China pandas take off for Taiwan
A pair of giant pandas took off from China's fog-shrouded mountains of Sichuan province for Taiwan amid Tibetan song and dance today, in the latest sign of improving ties between the political rivals.
Tuan Tuan and Yuan Yuan, whose names said together mean "unite", were carried aboard a jumbo jet in the provincial capital, Chengdu, in two separate crates, with accompanying baggage of steamed corn buns and fresh bamboo shoots.
"The pandas take 1.3 billion of mainland people's blessing to Taiwan and will sow the seeds of peace, unity and fraternal love there," Zheng Lizhong, deputy chief of the Taiwan Affairs Office, said at the farewell ceremony.
Beijing has given pandas to nine countries, including Japan, North Korea, the United States and the former Soviet Union, since 1957.
China has claimed self-ruled Taiwan since the end of the Chinese civil war in 1949. It has vowed to bring the island under mainland rule, by force if necessary, but ties have improved vastly since this year's election of China-friendly Taiwan President Ma Ying-jeou.
China had offered the pandas as a goodwill gift in 2006 as part of a charm offensive after decades of sabre rattling. Taiwan's then anti-China president declined the gift.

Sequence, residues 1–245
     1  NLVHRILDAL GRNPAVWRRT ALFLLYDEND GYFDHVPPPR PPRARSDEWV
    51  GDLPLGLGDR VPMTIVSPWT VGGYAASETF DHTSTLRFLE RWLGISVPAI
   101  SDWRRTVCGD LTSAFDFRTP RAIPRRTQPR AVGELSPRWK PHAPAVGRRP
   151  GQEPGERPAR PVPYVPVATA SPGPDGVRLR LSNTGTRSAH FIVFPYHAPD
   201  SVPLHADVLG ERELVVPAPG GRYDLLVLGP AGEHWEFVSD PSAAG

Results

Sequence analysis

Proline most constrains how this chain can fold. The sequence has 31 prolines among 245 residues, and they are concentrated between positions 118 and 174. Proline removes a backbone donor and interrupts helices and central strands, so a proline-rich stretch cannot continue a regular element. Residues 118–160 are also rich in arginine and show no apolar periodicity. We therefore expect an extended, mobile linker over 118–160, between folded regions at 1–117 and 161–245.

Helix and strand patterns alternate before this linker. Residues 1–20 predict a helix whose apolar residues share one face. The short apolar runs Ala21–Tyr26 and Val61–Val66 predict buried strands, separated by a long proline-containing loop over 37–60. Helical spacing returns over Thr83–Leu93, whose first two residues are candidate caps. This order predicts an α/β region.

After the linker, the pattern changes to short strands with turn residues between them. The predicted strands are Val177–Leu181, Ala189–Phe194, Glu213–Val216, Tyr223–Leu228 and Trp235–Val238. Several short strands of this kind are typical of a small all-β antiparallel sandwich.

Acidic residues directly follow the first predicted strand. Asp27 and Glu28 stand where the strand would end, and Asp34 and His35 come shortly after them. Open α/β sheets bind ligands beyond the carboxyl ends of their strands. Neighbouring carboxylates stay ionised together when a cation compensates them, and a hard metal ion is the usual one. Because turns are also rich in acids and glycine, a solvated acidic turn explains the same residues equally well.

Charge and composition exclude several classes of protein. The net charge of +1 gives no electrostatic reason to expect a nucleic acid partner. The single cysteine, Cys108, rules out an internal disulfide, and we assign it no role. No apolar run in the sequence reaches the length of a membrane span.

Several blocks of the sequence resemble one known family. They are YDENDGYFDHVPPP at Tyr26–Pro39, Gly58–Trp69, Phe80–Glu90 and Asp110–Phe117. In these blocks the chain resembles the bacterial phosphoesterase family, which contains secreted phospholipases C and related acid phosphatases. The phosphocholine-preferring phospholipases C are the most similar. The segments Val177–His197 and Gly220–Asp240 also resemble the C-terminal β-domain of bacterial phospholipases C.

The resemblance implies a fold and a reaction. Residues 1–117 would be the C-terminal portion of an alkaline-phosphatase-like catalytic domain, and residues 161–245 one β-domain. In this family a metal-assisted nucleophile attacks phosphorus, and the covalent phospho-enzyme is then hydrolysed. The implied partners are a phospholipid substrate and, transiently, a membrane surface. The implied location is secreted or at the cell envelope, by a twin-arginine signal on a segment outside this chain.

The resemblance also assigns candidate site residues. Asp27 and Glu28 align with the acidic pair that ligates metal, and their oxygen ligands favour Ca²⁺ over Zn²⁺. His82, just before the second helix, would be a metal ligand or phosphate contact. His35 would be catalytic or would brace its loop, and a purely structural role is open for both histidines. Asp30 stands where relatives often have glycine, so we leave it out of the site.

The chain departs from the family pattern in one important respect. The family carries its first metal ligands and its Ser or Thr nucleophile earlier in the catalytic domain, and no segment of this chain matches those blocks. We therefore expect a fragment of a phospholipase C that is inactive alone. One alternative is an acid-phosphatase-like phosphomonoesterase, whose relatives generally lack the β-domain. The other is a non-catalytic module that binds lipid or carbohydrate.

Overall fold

Pandas can only be found in the wild in China where they are rebounding from the brink of extinction, but not yet out of the woods -- in large part because of difficulties in producing cubs.
The Taiwan zoo which will be their new home will try to mate the pair and may return any cub for tender loving care back in China, a zoo official said last month.
Last week, Taiwan and China launched direct daily passenger flights, new shipping routes and postal links for the first time in six decades. China has also offered Taiwan investors on the mainland $19 billion in financing over the next three years amid the global economic downturn
But many Taiwan citizens would prefer China remove missiles aimed at the island and let it join international organisations such as the United Nations instead of offering money or animals, experts say.
The four-year-old pandas have been living at a breeding base in Sichuan, neighbouring Tibet, for several months. Their previous home, the Wolong Nature Reserve, was damaged in the earthquake that struck Sichuan on May 12, killing more than 80,000 people.
Along with the pandas, China is sending 17 Chinese dove trees, symbolising the 170,000 Qiang minority people of the Sichuan quake zone.